Golf is a sport of the wealthy.  Golf gobbles up resources, especially water.  Pesticides on golf courses are poisoning the earth.  Yada yada yada.  How many times have you, if you are working in this wonderful industry, felt duty-bound to apologize for your involvement in it?  Well, stop it!  You have nothing to apologize for!

Clearly, this isn’t a forum for social commentary… I’m a photographer, for heaven’s sake!  But the current political and cultural climates of "haves" versus "have nots", of "victims" and "victimizers" has so skewed folks’ perspective that in some circles… especially in environmentalist circles… golf is seen as a villain and golf’s use of land and resources is criticized as the thoughtless pursuit of a group of out-of-touch rich people responsible for drought, global warming and poverty.  The environmentalist war on our industry is not new, and it won’t be going away any time soon.

In a typical mindless rant, an article on in March of 2011 begins, “It will come as no surprise that golf courses are not particularly sustainable. In addition to taking up a large amount of resources and real estate that could be put to more productive or even more ecosystem-beneficial uses, golf courses can often be found in already water-stressed areas, adding insult to injury, from an environmental standpoint.”  Not surprisingly, there is no solid research to back up this theory, but there really doesn’t need to be, since the green movement is seen by many as pure, and motivated only by concern for Mother Earth.  Say it enough times and it becomes true, right?  Not so fast, Spanky.  Let’s set aside the jingoistic “golf is bad for Gaia” ranting and look at some real information.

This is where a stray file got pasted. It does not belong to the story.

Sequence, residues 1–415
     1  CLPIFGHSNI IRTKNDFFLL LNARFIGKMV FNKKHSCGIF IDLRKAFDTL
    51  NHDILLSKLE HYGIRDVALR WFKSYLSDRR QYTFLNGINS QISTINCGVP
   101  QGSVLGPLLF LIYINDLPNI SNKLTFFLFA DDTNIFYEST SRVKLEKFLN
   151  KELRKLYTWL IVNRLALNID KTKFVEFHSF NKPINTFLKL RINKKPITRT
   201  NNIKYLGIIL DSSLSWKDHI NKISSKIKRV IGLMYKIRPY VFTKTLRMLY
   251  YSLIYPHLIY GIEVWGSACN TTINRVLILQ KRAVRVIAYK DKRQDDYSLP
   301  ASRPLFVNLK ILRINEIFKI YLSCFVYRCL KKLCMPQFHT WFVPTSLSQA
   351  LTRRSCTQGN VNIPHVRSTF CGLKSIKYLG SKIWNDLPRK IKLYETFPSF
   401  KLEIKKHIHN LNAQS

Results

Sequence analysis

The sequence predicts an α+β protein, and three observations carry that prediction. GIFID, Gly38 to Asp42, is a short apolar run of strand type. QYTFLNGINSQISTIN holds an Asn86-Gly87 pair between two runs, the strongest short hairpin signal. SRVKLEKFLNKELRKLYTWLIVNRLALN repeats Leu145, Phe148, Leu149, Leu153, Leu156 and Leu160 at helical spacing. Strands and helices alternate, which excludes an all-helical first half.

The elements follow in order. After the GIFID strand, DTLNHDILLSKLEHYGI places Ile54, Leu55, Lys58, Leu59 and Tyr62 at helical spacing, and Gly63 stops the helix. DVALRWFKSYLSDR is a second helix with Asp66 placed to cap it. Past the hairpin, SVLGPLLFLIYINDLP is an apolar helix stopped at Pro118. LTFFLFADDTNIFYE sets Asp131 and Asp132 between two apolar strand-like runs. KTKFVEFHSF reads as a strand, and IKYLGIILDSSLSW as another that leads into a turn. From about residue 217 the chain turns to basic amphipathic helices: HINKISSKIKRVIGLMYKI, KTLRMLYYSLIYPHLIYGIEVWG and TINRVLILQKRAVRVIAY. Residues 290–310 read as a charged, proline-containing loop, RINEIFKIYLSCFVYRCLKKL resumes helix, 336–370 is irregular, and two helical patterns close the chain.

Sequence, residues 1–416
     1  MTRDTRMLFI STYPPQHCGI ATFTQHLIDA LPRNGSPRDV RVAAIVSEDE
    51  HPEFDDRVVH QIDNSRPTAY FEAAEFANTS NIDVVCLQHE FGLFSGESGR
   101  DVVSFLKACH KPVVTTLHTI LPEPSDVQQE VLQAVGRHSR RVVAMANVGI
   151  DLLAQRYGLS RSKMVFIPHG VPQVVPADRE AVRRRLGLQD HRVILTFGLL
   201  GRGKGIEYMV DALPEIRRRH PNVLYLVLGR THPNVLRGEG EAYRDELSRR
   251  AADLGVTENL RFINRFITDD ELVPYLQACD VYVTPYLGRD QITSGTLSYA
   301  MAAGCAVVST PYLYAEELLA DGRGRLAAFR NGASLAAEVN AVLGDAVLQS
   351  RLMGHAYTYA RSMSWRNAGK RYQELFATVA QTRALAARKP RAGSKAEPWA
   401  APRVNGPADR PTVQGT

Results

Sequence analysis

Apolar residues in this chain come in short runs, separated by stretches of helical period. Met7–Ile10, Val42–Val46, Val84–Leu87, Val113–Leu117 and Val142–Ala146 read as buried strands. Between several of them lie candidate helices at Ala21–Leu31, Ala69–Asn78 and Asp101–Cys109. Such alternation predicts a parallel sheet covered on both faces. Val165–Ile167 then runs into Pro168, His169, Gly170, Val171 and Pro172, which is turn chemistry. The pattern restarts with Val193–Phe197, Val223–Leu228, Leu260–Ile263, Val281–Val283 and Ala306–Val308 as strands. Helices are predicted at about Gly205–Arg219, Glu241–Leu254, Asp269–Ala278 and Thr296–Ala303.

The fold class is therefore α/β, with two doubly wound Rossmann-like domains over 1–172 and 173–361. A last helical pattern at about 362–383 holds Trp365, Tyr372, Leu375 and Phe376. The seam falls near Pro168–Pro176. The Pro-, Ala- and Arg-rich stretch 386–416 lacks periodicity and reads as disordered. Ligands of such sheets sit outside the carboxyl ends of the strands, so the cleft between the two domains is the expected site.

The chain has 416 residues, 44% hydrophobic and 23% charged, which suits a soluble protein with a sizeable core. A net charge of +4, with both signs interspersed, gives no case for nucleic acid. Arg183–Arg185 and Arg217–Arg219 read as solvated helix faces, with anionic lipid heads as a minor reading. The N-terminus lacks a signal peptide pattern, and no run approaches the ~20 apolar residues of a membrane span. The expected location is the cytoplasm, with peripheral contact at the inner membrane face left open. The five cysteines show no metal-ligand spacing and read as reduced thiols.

As concerns water usage, James T. Snow, former National Director of the USGA’s Green Section, has said: “The industry has taken a multifaceted approach to the problem, including the development of 1) new grass varieties that use less water or can tolerate poor quality water; 2) new technologies that improve the efficiency of the irrigation system; 3) "best management practices" in golf course maintenance that result in less water use; 4) alternative water sources that reduce or eliminate the use of potable water; 5) golf course design concepts that minimize the area maintained with grasses that require considerable use of water; and 6) programs that educate golf course superintendents and other water users about opportunities for ongoing water conservation.”  And Snow doesn’t even address the fact that grass gobbles up carbon dioxide and generates oxygen in return.  Or that water used by a golf course doesn’t simply vanish, but rather is filtered by the earth as it returns to the aquifer, remaining in the ecosystem for further use by anyone who needs it.  The USGA has done a wonderful job of research into responsible resource usage in the golf industry, and numerous publications on the subject are readily available for anyone interested in the subject.

But it’s not just greenies, and it’s not just in the western world that golf is under siege.  In China, golf’s use of water is used by the government as a reason for limiting… and even stopping… further development.  When I was in Beijing last year, I was told that the regional government had raised water rates for golf courses by a factor of 40.  Yikes.  How do you spell, “going out of business?”  The golf course in Beijing I was photographing, though… a wonderful, award-winning Rick Robbins design… demonstrably helps the environment, collecting and distributing all its own water, and removing 100,000 tons of dust annually from Beijing’s atmosphere.  So tell me again how golf is bad for the environment!?

I could ramble on… and often do… but for now, let me simply say that the next time someone criticizes the golf industry, or your involvement in it, don’t feel like you need to explain yourself.  And don’t share any pithy rejoinders about what they can do with their uninformed opinions.  Simply smile.  And take your frustration out on your Titleist next time you tee off!  It’ll be a lot more productive.